§ THE CHANCELLOR OF THE EXCHEQUER
The right hon. Gentleman has given in the course of his animated speech what I suppose he thinks a correct version of something that had fallen previously from me. He says that I have professed—and he even went the length of putting words into my mouth—that I had made a full and complete statement of the coming financial exigencies of the empire. That is what I understand the right hon. Gentleman to state. But even on this very night I stated as plainly as I could, in following the right hon. Gentleman, that such was the state into which the public finances had been brought—very much by the practice of making prospective engagements which has been a growing evil for several years—I stated then that, even with regard to English finances, it was not in my power to convey fully to the House of 245 tion. But there are other questions than those of English finance—questions which we must have specially in view. But the right hon. Gentleman says, it is my absolute duty to communicate to the House of Commons everything which hears upon the question of finance. The right hon. Gentleman has been sixteen months in office as Chancellor of the Exchequer, whereas I have only been in the office for one month, and yet he expects me to give him a clear and comprehensive statement of our financial position. But the right hon. Gentleman ought to know that it takes some time to learn what are the financial exigencies of the empire; for unless I am mistaken, a proposition was made by the Government of which the right hon. Gentleman was a member describing a considerable deficit, amounting to £7,000,000, in the Indian treasury. There, at any rate, was a clear statement; but scarcely had that statement gone forth to the world when the right hon. Gentleman, who was in full possession of the exact state of the case, and of everything which could hear upon it, in conformity with the constitutional doctrine which the right hon. Gentleman is always ready to preach when he sits upon the Opposition benches, comes to the House and tells us that that sum is far from complete, and that an additional sum of £4,000,000 or £5,000,000 will be necessary. As to the interests and considerations of high political significance to which the right hon. Gentleman has referred—if I conveyed to the Committee an idea that it was owing to political causes that any covert demands were about to be made, I can only beg pardon of the Committee and of the right hon. Gentleman. If I conveyed that meaning, I had not the slightest intention of doing so. But with regard to the public finances, I recognize as strongly as the right hon. Gentleman the duty and advantage of bringing fully to the notice of the House everything within the knowledge of the Minister. But my power of communicating that information is limited by my own knowledge. When we are connected with a worldwide empire, when demands come in upon us day by day, it is only after some lapse of time they reach such a maturity as to enable us to make them the subject of an intelligible statement. I submit, therefore, to the right hon. Gentleman that the high constitutional doctrine he applies to the Chancellor of the Exchequer is limited, like all human things, by the restrictions of time and 246 place. Subject to these restrictions, it is my desire to make a full statement to the House of Commons at the earliest moment. The right hon. Gentleman is entirely at liberty to postpone the question he wishes to raise, till he is in possession of all the knowledge he requires. I hope I have vindicated myself from the charge of having surreptitiously kept anything from the knowledge of the House that ought to have been communicated—a charge that I think ought not to have been made from any quarter, still less by the right hon. Gentleman.
§ MR. DEEDES
felt called upon to consider what was the best course to follow. It seemed to him that they stood in this position. The Chancellor of the Exchequer made a statement the other night showing a deficiency of £4,000,000, which must be made up in some way or other, and he proposed that the deficiency should be made up by income tax. He (Mr. Deedes) wished to see the time when they might look at the whole taxation of the country with a view to putting it on a sound and substantial footing; and if they threw impediments in the way of those who had executive duties to carry out this would probably be deferred to a later period than they desired. However tempting the proposition made against the proposals of the Government might be he felt bound to resist it, because he should be throwing away a chance. In matters of this kind they were justified in throwing on the Exchequer the responsibility of the mode in which they should raise the Ways and Means.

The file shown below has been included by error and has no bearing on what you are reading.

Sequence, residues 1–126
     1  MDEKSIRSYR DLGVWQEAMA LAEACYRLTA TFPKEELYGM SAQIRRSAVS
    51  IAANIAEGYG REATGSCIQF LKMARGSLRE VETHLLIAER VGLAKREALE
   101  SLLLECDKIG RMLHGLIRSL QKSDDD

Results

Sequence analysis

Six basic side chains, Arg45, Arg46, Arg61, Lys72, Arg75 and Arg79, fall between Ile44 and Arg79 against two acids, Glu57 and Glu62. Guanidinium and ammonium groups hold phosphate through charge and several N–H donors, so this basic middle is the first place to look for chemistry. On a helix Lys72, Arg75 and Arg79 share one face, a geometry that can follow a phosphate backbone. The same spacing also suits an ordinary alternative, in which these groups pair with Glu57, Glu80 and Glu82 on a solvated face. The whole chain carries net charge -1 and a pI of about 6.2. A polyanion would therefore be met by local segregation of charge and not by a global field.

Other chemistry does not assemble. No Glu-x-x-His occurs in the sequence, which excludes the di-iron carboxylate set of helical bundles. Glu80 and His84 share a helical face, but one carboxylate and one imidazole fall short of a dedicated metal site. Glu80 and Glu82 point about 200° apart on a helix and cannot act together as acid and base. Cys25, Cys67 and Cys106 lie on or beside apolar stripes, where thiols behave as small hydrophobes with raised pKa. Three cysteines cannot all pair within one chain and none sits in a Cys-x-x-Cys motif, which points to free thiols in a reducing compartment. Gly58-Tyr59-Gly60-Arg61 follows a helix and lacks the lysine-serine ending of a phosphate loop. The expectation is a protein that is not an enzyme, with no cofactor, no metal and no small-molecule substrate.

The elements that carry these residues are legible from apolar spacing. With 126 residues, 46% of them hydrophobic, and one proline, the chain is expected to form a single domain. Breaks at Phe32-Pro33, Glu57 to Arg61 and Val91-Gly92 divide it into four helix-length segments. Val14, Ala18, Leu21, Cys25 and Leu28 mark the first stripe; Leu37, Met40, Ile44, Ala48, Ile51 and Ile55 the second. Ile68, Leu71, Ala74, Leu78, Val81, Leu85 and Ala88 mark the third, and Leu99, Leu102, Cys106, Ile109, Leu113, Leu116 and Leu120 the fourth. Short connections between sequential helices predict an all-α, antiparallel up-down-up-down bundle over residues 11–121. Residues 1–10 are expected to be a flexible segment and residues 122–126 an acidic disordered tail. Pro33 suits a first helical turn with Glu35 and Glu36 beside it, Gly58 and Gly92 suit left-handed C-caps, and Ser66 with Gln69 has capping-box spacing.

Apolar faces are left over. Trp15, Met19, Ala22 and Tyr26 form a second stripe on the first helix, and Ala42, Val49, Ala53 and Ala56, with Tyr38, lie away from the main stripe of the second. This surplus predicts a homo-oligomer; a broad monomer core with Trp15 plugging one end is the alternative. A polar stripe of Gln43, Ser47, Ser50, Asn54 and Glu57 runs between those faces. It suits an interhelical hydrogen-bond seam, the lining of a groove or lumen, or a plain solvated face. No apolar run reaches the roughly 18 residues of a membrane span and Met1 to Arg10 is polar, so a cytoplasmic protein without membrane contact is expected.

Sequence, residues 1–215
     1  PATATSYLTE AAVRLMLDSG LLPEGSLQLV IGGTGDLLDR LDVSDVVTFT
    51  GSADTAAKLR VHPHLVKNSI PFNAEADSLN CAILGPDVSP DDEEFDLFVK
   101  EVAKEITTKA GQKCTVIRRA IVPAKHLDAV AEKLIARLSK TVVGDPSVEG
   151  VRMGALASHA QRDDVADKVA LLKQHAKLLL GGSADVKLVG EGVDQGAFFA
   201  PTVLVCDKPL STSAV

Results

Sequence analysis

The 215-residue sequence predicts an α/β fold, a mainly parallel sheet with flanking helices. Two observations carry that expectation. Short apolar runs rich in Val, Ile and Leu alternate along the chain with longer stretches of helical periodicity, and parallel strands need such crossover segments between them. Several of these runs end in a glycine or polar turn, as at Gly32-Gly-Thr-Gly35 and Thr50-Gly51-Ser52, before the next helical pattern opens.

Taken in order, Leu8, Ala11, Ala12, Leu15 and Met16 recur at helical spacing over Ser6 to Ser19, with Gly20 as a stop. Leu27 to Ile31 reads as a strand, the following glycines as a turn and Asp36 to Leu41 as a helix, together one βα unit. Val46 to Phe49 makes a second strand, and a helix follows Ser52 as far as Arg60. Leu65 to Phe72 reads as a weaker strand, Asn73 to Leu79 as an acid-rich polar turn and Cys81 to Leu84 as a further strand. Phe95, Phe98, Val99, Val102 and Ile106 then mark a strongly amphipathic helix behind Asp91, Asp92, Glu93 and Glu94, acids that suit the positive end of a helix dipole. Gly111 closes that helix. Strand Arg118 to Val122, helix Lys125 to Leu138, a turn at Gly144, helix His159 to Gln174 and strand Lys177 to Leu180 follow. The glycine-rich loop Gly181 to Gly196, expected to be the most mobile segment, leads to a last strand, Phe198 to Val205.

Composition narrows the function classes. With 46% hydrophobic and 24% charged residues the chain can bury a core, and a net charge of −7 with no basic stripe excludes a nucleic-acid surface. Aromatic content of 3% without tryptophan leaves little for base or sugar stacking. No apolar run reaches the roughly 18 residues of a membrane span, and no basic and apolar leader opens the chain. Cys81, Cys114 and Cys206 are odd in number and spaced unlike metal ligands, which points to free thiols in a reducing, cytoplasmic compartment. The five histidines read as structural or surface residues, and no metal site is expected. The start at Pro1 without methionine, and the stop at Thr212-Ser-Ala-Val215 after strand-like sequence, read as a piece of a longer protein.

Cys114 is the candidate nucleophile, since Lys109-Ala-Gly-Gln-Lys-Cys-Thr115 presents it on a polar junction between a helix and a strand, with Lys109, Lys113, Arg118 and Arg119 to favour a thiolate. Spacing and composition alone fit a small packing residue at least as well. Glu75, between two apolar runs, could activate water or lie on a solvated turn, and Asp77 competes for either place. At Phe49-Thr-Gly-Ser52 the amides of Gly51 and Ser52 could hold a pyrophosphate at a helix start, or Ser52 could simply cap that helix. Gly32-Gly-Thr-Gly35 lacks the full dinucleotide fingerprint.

Provided always, That where any dividends, interest, or other profits or gains becoming due or payable half-yearly, are assessed or charged half-yearly with the Rate or Duty under the said Act, there shall be charged upon the first assessment or charge which shall be hereafter made on such dividends, interest, profits, and gains, the additional Rate or Duty of eight pence for every twenty shillings of the half-yearly amount thereof; and where any profits or gains becoming due or payable quarterly are assessed or charged quarterly with the Rate or Duty under the said Act, there shall be charged upon the first two quarterly assessments or charges respectively which shall be hereafter made on such last-mentioned profits and gains, the additional Rate or Duty of eight pence for every twenty shillings of the quarterly amount of such last-mentioned profits and gains; and the said additional Rates and Duties charged in such half-yearly and quarterly assessments respectively shall be collected and paid with and over and above the Rates and Duties assessed or charged therein respectively under the said Act.
The following Resolution was then put—
That towards raising the Supply granted to Her Majesty, the time limited for payment of the Duty of Excise on Malt by every Malster or Maker of Malt, who shall have given security by bond in the manner directed by the Act passed in that behalf in respect of all Malt begun to be made on or after the first day of October 1859, shall be twelve weeks in lieu of eighteen weeks after the making of such Account or Return of Duty as in the said Act is mentioned.
§ MR. PULLER
said, the alteration would vitiate the sureties and render necessary new bonds in every case. As it would be the doom of the small maltsters, and would throw the whole trade into confusion, he doubted whether the Chancellor of the Exchequer's expectations would be realized.
§ THE CHANCELLOR OF THE EXCHEQUER
said, it must be admitted that if ever the system of malt credits was to be modified at all, it could not be modified more gently than was now proposed. It was proposed to reduce the credit only by six weeks, and to allow discount in respect of those six weeks, in consideration of the late period at which the financial statement was made. A strong intimation had even been thrown out from the other side that the maltsters ought to have been dealt with more stringently. He would examine into the matter of the bonds, but he did not anticipate any serious difficulty.
§ SIR JOHN SHELLEY
thought the Chancellor of the Exchequer had treated the maltsters too lightly, and hoped he would take the hopgrowers in hand.
§ MR. DODSON
remarked that the hop-growers were in quite a different position from the maltsters, and it would be unjust and impolitic to make them pay sooner. The maltster could always make malt, but the hop grower was not always sure of his crop of hops.
§ Resolved, That, towards raising the Supply granted to Her Majesty, the time limited for payment of the Duty of Excise on Malt by every Maltster, or Maker of Malt, who shall have given security by bond in the manner directed by the Act passed in that behalf in respect of all Malt begun to be made on or after the first day of October 1859, shall be twelve weeks in lieu of eighteen weeks after the making of such Account or Return of Duty as in the said Act is mentioned.
§ House resumed.
§ Resolutions to be reported To-morrow.